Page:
The call center can receive incoming communications from a variety of callers. FIG. 1 shows caller 101 who uses handset 102 and the plain old telephone system (P.O.T.S.) network 110 to communicate with a call center telephone switch 150. An analog terminal adapter (ATA) 119, for example, can be used to convert the analog signal from the POTS network to a digital signal. FIG. 1 is simplified to show elements of a communication system; but, a person of ordinary skill in the art will appreciate that some intermediary devices might not appear for purposes of clarity. Similarly callers 103, 105, and 107 communicate via their respective telephone handsets 104, 106, and 108. These callers use Voice Over IP (VOIP) devices to communicate via Session Initiation Protocol (SIP) via SIP trunk lines 109, for example, with a VOIP Session Border Controller server 120. The VOIP Session Border Controller server 120 receives the calls via a communication network 125, such as the internet, and can pass the calls to the call center telephone switch 150. Similarly, caller 115 can use handset 116 to send a communication across a digital transmission line 117, such as a T-1 line, to the call center telephone switch 150. The callers shown in FIG. 1 are some examples of different callers. Other types of communication schemes can be implemented between callers and the call center telephone switch, as well, as would be appreciated by one of ordinary skill in the art.

The VOIP Session Border Controller can reside at a call center along with other portions of the call center equipment. A Personally Identifiable Information Data Suppression Server 190 can be coupled with the VOIP Session Border Controller. In the embodiment shown in FIG. 1, the Personally Identifiable Information Data Suppression Server can provide the VOIP Session Border Controller with an instruction to watch for PII data, for example.

The call center telephone switch 150 connects (e.g., communicatively couples) a particular caller with a particular call center agent. FIG. 1 shows a series of call center agents. Each agent can have a telephone as well as a computer that is communicatively coupled with the call center telephone switch. For example, FIG. 1 shows a first call center agent 160 who has a telephone handset 161 and computer 162. Also, shown is call center agent 165 who has a telephone handset 166 and computer 167. The number of call center agents can vary from business to business. For example, a large credit card issuer can utilize several call centers located throughout the country or the world and utilize hundreds of call center agents at each call center. A smaller business might only require a few call center agents.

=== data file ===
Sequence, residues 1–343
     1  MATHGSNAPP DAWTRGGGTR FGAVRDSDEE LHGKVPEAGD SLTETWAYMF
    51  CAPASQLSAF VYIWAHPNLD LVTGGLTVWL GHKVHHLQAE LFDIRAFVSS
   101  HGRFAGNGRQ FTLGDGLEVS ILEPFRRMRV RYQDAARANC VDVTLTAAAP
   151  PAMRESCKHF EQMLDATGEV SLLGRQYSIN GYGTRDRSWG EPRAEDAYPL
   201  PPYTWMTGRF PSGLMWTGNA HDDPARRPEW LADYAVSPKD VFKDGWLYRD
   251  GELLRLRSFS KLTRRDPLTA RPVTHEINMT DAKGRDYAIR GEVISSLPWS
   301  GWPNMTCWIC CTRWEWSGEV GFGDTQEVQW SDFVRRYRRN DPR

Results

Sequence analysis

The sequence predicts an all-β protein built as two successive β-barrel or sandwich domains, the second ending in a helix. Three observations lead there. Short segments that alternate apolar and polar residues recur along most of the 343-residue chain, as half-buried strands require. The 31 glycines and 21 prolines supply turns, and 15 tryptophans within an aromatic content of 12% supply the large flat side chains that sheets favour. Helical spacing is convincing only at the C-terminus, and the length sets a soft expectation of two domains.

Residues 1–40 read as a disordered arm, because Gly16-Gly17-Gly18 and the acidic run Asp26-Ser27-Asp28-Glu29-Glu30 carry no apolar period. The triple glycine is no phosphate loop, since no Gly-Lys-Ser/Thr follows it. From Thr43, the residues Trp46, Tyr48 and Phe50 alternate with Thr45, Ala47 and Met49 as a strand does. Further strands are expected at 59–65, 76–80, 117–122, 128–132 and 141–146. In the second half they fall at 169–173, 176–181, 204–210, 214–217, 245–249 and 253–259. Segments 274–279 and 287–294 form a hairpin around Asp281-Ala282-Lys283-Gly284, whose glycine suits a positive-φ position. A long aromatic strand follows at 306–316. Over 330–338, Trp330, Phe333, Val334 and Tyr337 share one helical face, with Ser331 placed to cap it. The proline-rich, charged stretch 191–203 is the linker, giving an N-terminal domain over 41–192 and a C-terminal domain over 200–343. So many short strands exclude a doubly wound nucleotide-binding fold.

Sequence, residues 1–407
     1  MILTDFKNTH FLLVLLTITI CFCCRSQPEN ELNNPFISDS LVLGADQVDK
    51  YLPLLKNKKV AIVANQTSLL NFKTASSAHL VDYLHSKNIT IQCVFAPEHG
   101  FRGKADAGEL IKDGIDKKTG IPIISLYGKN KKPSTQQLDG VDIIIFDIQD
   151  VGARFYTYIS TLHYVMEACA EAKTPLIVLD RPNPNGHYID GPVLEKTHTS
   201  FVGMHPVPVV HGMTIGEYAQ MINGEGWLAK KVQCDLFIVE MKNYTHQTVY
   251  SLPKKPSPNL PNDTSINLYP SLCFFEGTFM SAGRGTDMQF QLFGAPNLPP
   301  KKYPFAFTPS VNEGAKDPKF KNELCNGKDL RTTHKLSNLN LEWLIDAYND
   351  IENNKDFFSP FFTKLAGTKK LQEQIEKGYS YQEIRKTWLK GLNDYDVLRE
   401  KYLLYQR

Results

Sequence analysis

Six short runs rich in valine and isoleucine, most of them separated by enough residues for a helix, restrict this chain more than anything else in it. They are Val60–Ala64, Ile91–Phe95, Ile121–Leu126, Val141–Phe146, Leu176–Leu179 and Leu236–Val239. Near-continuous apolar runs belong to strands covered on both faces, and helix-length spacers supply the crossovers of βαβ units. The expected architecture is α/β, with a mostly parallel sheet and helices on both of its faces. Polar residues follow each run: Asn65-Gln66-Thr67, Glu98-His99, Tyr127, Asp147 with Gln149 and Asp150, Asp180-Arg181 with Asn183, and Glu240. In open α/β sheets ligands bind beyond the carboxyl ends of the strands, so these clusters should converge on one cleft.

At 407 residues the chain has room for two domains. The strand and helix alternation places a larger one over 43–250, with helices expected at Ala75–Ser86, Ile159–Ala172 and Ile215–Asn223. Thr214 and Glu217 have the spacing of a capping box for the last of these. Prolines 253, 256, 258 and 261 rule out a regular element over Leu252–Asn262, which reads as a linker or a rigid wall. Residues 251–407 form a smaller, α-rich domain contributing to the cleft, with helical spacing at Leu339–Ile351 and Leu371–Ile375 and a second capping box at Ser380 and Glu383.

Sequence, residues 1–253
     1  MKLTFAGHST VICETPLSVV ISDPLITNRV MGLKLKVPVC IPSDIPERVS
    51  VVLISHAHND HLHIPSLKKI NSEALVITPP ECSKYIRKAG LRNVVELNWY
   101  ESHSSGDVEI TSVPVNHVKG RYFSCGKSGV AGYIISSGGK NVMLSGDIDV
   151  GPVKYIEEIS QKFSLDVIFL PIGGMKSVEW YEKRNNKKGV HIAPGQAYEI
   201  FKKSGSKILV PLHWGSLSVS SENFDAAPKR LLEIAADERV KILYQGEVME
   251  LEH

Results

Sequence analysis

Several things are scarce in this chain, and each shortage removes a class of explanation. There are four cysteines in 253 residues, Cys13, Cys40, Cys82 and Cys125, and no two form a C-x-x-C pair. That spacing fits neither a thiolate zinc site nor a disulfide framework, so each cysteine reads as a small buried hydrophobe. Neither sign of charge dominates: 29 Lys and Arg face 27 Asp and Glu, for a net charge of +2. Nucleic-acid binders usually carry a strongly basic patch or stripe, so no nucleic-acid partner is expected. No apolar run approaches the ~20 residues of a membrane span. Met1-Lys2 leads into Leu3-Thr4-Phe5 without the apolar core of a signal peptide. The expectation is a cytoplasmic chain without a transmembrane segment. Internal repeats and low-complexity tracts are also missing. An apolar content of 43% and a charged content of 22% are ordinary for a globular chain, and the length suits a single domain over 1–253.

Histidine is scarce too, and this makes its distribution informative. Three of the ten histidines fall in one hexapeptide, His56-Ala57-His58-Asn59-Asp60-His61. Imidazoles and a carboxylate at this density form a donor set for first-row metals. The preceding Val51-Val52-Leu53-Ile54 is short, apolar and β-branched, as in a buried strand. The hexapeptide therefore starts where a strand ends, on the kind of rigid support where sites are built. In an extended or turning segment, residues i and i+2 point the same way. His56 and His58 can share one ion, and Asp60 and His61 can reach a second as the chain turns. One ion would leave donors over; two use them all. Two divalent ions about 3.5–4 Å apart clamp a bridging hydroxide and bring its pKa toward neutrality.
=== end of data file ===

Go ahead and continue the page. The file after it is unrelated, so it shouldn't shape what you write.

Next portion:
The call center telephone switch 150 can be programmed to follow a set of rules that indicates which call center agent should handle a call from a particular caller. For example, the call center telephone switch can route an incoming call to an appropriate call center agent based upon characteristics of the incoming call, such as automatic number identification (ANI). One example of a call center switch is an automatic call distributor (ACD). In FIG. 1, the Call Center Telephone Switch is shown communicatively coupled with a Call Monitoring System 185, a VOIP Session Border Controller 120, a Personally Identifiable Information Data Suppression Server 190, and a computer telephony integration (CTI) server 170, and equipment used by call center agents.

FIG. 1 also shows a computer telephony integration (CTI) server 170. The computer telephony integration server can be programmed to provide further enhancements to the functionality of the call center telephone switch. For example, the CTI server can be programmed to assist with call routing based on an incoming caller's telephone number or automatic number identification. The CTI server can also be used for call reporting. And, the CTI server can be used for voice recording integration so as to use data from the CTI server to enhance the voice messaging provided to a caller on an incoming call. Moreover, the CTI server can keep track of which incoming line is in communication with which call center agent and that agent's respective computer and telephone line. By monitoring the activity of an agent, the CTI server can help determine when sensitive data, such as PII data, is about to be provided by a user. In FIG. 1, the CTI server is shown coupled with the Call Monitoring System 185, the Call Center Telephone Switch 150, the Personally Identifiable Information Data Suppression Server 190, and the Web Server 140, as well as the phones and computers of the call center agents.